(Bloomberg Opinion) -- One year in, how’s President Donald Trump’s mission to save the U.S. steel and aluminum sectors going? Judging by the stock prices of metal producers, you could be mistaken for thinking he’s trying to destroy the industry instead.
The aggregate market capitalization of the seven major U.S. primary steel and aluminum producers — Nucor Corp., U.S. Steel Corp., AK Steel Holding Corp., Steel Dynamics Inc., Commercial Metals Co., Alcoa Corp. and Century Aluminum Co. — is now down about one-third since Jan. 11 last year.
That’s the date that the U.S. Commerce Department sent the White House its section 232 report, providing the basis for the 25 percent and 10 percent tariffs on, respectively, steel and aluminum imports which took effect at the start of June.
The damage has been broadly shared. While 2018 was the worst year for Nucor shares since 2008, if anything it’s the outperformer of the group. Shares in U.S. Steel and Alcoa, two of America's most storied businesses, are down around 45 percent over the past year. Their less venerable competitors AK Steel and Century Aluminum have fallen close to 60 percent.
It’s not just skittish equity investors overreacting, either: The yield on U.S. Steel’s 6.875 percent August 2025 bonds rose by more than a third from the start of 2018, hitting a peak of 8.3 percent earlier this month.
While we’ve long warned about the effects of the Trump administration’s metal tariffs on the domestic companies that consume American steel and aluminum and employ the larger share of the manufacturing workforce, the extent of the malaise around the policy’s beneficiaries is striking.
Operationally, the tariffs seem to be doing the job. The June and September quarters of 2018 saw our group of companies post their largest aggregate profits since 2008. Steel Dynamics reported record earnings in the third quarter. While that's yet to make an impact on employment — there were just 200 extra jobs in the U.S. primary metal manufacturing sector in December compared to a year earlier, according to the Bureau of Labor Statistics — it’s not nothing.
So what’s the problem? Ultimately, the shares of U.S. metal manufacturers are weak not because their earnings are poor, but because their valuations have fallen to their lowest levels since the 2008 financial crisis. Investors simply don’t believe that the current good times will last. They’re right to be skeptical.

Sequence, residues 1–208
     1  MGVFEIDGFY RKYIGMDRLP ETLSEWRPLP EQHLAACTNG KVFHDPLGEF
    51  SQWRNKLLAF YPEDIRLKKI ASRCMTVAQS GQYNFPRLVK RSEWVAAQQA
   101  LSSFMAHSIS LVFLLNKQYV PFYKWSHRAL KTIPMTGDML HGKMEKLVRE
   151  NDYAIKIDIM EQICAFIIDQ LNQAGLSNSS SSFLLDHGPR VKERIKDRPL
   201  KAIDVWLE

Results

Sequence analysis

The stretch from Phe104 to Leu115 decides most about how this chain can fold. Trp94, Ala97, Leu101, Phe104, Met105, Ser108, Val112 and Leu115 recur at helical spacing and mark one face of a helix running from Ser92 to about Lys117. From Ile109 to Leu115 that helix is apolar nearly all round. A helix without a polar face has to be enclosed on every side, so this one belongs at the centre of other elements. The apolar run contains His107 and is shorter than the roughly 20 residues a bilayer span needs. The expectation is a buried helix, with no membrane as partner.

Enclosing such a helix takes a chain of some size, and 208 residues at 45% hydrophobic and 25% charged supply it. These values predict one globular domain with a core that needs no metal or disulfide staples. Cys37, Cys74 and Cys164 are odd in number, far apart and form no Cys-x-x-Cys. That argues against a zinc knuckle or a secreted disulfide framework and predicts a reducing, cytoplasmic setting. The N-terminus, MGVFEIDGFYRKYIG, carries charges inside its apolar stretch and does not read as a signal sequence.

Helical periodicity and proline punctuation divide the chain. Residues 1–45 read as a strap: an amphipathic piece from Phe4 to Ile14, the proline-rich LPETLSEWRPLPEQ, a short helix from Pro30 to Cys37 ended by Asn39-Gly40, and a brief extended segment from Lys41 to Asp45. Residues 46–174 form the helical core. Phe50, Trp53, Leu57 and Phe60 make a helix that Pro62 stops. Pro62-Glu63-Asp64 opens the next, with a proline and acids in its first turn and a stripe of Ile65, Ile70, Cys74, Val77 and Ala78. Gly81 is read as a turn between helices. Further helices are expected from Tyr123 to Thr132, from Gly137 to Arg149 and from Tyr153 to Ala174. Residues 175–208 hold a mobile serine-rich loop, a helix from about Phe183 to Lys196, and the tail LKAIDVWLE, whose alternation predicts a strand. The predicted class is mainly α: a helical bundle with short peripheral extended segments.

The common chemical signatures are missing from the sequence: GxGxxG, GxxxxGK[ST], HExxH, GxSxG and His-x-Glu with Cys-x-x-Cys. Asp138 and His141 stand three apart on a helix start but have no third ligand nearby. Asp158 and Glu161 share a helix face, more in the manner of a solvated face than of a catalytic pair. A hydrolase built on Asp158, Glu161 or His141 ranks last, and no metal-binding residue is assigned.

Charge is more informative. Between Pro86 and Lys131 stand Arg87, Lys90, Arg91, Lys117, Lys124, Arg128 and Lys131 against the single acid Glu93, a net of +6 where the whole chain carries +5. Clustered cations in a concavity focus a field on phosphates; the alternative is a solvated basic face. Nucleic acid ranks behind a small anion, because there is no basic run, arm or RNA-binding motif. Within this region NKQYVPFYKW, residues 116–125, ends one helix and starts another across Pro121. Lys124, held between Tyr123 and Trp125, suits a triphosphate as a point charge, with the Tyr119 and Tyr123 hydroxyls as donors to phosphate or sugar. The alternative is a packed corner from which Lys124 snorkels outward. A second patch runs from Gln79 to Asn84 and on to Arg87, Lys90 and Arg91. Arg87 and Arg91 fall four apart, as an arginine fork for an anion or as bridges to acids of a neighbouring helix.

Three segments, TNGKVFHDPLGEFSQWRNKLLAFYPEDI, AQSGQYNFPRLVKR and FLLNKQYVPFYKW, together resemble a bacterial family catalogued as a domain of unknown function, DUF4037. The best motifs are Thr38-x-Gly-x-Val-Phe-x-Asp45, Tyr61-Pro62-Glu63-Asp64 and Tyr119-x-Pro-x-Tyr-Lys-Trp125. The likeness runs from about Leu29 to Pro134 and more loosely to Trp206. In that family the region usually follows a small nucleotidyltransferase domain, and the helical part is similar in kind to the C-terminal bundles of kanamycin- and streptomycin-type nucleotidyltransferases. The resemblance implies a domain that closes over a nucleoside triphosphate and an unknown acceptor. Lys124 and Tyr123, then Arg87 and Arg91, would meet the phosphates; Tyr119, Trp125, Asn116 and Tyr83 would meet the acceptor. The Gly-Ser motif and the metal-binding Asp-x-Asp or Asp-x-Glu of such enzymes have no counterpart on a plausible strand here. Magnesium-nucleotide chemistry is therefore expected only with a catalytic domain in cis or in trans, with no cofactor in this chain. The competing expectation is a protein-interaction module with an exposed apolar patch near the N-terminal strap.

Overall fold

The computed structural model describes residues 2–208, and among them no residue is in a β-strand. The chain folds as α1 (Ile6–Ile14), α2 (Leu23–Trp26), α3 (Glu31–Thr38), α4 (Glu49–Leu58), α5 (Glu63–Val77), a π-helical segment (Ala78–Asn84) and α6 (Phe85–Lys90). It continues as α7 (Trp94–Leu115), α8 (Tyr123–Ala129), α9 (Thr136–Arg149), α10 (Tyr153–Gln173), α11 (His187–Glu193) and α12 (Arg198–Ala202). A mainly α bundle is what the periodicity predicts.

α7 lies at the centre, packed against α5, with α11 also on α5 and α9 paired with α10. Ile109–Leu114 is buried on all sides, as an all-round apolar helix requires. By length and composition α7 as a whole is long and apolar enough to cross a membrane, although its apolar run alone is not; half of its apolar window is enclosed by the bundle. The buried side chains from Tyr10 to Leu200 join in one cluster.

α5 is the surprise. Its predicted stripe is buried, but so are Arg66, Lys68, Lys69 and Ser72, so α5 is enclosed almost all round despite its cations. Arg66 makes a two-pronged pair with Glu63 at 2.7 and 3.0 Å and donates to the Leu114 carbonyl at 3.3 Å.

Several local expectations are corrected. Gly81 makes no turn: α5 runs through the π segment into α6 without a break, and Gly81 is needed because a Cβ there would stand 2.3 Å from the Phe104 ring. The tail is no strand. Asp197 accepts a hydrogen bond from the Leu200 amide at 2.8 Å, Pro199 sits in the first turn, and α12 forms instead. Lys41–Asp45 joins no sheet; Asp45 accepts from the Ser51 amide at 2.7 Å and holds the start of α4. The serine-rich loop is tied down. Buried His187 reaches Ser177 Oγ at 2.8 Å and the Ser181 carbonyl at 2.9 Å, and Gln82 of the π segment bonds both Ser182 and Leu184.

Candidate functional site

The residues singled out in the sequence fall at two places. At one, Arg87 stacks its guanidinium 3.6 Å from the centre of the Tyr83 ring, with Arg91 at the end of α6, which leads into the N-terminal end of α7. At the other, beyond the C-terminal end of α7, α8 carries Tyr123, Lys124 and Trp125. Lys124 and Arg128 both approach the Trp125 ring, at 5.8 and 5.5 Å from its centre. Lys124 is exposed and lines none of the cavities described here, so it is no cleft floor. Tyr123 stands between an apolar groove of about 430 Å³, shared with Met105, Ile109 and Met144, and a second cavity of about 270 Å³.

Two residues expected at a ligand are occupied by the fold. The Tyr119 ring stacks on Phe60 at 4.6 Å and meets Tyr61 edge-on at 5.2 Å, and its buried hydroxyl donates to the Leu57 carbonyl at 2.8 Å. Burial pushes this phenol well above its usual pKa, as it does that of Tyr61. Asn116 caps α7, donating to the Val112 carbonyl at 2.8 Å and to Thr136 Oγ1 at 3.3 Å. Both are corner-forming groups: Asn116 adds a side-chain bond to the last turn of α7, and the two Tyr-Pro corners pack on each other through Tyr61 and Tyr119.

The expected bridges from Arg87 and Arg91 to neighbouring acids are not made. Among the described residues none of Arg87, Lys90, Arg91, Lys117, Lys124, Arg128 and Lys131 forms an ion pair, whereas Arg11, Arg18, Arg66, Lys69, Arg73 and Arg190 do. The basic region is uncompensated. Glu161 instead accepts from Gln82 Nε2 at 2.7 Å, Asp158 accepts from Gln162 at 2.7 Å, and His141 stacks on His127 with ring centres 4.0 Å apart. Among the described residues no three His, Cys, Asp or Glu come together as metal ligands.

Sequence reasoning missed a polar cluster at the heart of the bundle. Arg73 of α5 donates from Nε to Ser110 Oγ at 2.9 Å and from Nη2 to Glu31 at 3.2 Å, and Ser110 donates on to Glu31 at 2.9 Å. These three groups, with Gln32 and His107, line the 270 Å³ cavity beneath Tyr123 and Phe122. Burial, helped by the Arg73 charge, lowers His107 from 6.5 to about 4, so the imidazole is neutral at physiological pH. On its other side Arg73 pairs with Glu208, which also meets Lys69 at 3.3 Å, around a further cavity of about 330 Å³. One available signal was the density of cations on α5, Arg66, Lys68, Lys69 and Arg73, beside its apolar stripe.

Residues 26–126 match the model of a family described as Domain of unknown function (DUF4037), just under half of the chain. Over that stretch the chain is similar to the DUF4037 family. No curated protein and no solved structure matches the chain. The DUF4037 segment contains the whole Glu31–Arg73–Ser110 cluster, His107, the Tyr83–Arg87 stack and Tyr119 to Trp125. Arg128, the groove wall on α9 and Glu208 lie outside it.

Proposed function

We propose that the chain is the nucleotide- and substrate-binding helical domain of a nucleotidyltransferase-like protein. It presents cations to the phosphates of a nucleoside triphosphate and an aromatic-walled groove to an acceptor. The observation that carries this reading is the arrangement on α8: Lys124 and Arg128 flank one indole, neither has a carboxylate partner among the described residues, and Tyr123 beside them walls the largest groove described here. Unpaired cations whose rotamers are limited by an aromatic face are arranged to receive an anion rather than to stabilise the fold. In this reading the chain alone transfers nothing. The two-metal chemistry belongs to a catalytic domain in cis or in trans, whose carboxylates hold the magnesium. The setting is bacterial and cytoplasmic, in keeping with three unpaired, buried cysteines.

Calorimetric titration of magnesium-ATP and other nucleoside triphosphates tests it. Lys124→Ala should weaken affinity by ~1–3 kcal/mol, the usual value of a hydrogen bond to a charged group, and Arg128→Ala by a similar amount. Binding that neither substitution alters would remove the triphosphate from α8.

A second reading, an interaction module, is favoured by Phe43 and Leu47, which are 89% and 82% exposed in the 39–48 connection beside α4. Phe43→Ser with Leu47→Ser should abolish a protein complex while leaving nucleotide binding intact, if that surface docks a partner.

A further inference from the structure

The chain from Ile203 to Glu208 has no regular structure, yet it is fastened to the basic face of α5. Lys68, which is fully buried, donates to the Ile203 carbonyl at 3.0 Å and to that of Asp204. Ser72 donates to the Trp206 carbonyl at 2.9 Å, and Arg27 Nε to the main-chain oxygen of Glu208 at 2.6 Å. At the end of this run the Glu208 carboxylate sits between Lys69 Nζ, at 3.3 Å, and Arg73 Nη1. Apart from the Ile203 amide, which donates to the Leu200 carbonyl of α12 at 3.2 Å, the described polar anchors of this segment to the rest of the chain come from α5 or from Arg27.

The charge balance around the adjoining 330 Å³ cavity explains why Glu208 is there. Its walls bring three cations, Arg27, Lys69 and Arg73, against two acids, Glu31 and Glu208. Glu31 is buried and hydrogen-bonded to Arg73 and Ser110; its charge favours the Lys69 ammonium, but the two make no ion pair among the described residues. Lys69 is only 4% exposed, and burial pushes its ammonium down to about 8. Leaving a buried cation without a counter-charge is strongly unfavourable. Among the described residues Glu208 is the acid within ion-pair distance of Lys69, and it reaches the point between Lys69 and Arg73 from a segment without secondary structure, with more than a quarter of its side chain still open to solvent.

As we’ve argued previously, the problem for U.S. steel was never so much about a glut of Chinese metal as the never-dealt-with overcapacity in America’s own domestic industry. (Its aluminum smelters, similarly, have been stymied by the fact that they’re high-cost and using outdated technology).
The smart way to deal with that is either to cut capacity, or invest in better technology — or better still, do both. The path of least resistance, though, is to work the levers of power in Washington to prop up your business at the expense of your consumers by raising barriers to cheaper foreign competitors. That’s essentially what U.S. policy is now doing.
Far from cutting their coat according to their cloth, U.S. metal producers are now ramping up instead. Between 11.2 million metric tons and 11.9 million tons of new capacity, equivalent to as much as 10 percent of 2018 consumption, is slated to hit the U.S. market by the end of 2022, according to Bloomberg Intelligence analyst Andrew Cosgrove.
That might seem viable in the context of the walled garden that President Trump has built around America’s domestic metal industry. But with their customers increasingly under pressure amid rising costs and weakening demand, the better bet is that the barriers will be taken down by this administration or its successor.
When that happens, a U.S. industry that’s depended on government support rather than innovation to keep it afloat will be left exposed, having fallen still further behind its international competitors. Trump’s tariffs aren’t helping American steel and aluminum. Instead, they’re killing it with kindness.
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David Fickling is a Bloomberg Opinion columnist covering commodities, as well as industrial and consumer companies. He has been a reporter for Bloomberg News, Dow Jones, the Wall Street Journal, the Financial Times and the Guardian.
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